This isn’t an inherently aggressive gesture, but can be intimidating, so just remember

to stay calm and keep your wits about you.

If you’re in a group, which is always a good idea in bear country, stay together.

If you packed bear repellant, put it in your hand with the safety off, but don’t make

any aggressive moves.

Instead, back away slowly while speaking in a calm, clear voice.

Usually, this will be enough to defuse the situation, and the bear will retreat once

it feels confident you aren't an active threat.

In the rare cases that the bear holds its ground; you may be better off picking a new

path since confrontation is the last thing either of you wants.

Now, if you absolutely need to get past and are one hundred percent sure you’re dealing

with a black bear, you might consider trying to move it out of the way.

This can be done by looking the bear in the eye and firmly telling it to leave.

(Excuse me Mr. bear, you need to leave right now!)

While a bear isn't going to understand your words, your tone can convey a lot of information.

As long as it has a clear direction in which to retreat, it should take the hint and get

out of your way.

Again, only do this if you’re entirely and without a doubt, positive that you're dealing

with a black bear.

Brown bears will not take your aggressive tone very well, and in the wild, it can be

much more difficult to tell them apart then you might think.

Despite the names, black bears can be brown and brown bears can be black, so unless you're

the kind of expert who probably doesn't need this guide anyway, it's better not to take

your chances.

But what happens if the bear starts behaving aggressively?

What do you do when they begin swatting at the ground and snorting angrily?

They might even make a few threating lunges in your general direction.

Oh boy.

This sort of behavior generally happens in one of three situations: the bear is either

defending cubs, protecting its food or is spooked, and you’re way too close for comfort.

Regardless of the reason, your next steps will be the same: quickly and calmly back

away, preferably in the direction you just came from.

Most of the time that will be enough, but if the bear starts to come after you, this

is where the repellent comes in.

You never want to escalate the situation if you don't have to, but that spray is your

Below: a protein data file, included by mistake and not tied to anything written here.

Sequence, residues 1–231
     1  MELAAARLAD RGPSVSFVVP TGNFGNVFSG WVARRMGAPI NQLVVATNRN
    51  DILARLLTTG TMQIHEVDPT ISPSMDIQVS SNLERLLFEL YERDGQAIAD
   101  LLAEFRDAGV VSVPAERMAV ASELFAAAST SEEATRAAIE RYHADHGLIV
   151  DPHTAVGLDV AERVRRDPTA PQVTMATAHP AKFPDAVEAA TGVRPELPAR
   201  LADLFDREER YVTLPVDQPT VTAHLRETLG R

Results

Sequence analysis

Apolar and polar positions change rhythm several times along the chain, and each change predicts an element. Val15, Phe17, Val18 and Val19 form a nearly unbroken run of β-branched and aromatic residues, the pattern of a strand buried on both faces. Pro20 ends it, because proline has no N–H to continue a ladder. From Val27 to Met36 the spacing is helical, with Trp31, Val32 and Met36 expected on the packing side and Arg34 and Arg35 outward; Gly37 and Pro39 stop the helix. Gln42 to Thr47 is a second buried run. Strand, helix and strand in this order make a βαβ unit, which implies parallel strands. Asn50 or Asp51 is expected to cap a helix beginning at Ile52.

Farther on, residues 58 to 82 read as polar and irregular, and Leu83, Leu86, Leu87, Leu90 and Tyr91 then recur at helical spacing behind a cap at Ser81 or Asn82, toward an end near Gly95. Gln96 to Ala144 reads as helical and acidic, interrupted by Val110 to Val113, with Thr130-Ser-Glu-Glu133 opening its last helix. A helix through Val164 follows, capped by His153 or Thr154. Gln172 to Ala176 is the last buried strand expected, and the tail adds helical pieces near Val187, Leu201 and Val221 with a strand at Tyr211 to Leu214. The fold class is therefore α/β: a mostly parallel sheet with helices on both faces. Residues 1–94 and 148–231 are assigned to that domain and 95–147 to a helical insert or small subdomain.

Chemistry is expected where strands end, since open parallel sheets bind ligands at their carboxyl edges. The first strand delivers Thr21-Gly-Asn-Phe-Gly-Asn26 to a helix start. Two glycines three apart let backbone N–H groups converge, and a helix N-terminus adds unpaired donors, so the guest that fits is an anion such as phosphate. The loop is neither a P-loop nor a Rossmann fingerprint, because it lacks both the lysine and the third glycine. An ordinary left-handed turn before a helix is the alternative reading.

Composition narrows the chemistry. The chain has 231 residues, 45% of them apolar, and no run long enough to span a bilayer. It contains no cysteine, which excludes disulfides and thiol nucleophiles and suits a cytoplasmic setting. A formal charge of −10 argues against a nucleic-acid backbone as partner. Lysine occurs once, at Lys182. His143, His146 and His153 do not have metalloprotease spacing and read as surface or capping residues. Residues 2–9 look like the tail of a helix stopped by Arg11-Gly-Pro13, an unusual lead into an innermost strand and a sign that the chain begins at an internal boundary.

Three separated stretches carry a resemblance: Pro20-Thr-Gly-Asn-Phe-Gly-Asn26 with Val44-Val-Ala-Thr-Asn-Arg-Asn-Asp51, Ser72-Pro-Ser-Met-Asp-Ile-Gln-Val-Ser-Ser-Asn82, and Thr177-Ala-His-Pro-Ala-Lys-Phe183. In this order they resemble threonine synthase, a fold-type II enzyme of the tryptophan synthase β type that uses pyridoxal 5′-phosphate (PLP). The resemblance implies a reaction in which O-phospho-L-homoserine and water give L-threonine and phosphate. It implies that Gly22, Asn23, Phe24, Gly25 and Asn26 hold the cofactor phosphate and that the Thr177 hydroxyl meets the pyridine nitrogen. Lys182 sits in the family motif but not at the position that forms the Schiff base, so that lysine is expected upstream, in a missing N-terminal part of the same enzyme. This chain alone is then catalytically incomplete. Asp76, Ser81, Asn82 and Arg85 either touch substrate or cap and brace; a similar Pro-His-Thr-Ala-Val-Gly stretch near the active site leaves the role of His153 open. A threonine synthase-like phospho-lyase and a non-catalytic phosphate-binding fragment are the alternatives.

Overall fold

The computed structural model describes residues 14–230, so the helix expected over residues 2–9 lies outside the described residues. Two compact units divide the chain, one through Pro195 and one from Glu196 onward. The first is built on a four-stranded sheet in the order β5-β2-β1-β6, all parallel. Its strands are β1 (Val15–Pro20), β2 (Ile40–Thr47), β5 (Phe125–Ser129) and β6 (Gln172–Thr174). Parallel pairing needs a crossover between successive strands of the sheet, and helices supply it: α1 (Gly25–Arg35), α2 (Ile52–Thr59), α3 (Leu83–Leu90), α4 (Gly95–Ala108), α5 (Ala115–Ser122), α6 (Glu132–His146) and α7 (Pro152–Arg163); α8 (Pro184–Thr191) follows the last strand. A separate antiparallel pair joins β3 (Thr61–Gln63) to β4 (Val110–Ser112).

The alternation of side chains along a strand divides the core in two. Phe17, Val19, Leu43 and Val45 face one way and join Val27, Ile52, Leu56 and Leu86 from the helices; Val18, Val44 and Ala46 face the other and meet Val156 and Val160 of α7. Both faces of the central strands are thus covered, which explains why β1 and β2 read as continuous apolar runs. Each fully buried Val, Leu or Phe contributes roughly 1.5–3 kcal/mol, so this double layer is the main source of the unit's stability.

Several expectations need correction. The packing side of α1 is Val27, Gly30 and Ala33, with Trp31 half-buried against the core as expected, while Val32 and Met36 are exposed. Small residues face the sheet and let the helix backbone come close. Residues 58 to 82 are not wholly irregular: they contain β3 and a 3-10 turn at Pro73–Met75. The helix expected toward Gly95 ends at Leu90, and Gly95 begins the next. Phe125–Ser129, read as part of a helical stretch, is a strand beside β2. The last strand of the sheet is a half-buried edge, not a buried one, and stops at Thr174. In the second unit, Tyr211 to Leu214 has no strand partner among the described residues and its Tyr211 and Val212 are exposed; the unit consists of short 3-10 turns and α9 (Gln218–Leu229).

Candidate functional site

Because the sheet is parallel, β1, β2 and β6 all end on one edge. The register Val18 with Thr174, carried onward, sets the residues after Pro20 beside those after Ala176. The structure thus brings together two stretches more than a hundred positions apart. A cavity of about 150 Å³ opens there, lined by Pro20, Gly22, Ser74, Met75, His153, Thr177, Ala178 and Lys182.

best defense if the bear decides it means business.

Don't go firing it off on a bluff, but if the bear comes within twenty or thirty feet,

give it a good blast aimed just above its head.

That should guarantee the spray gets in the bear’s eyes, nose and throat, forcing it

to back off.

If you’re too close for that to work, it might be time to play dead by laying on your

stomach and covering the back of your head and neck.

In most cases, that’s all you need to do.

Very rarely though, the bear won't just appear aggressive, it might actually be aggressive.

If it continues to follow you even as you back away, it's time to think about fighting

back.

Like right now!

Look the bear in the eyes and shout while making yourself look bigger.

Stamp your feet on the ground and maybe even take a step or two towards it.

If there’s a stick nearby, grab it and brandish it threateningly, doing the same with your

bear repellent.

Your goal is to show the bear that you’ll fight if attacked, so you can’t let it intimidate

you.

If the bear moves in to attack, use the spray and start hitting it with anything you can

get your hand on.

Kick it, punch it, insult it’s mother, hit it with a stick or a rock, focus on the eyes

and nose and do whatever you have to do because, at this point, you're fighting for your life.

As I’ve already said, this kind of attack is incredibly rare but can happen, so you

need to come prepared.

What’s important is not letting the situation escalate to that point.

A vast majority of bear encounters never turn violent, and very few even come close.

They aren’t aggressive under normal circumstances, so a lot has to go wrong before you find yourself

locked in battle.

Always remember to remain calm, keep your distance, and back away from any fight that

isn’t completely unavoidable.

Bearly.

So now you know what to do if your weekend hike attracts some not entirely wanted attention.

Now that you’re prepared to fend off fuzzy danger, what outdoor activity is your favorite?

Let me know down in the comments!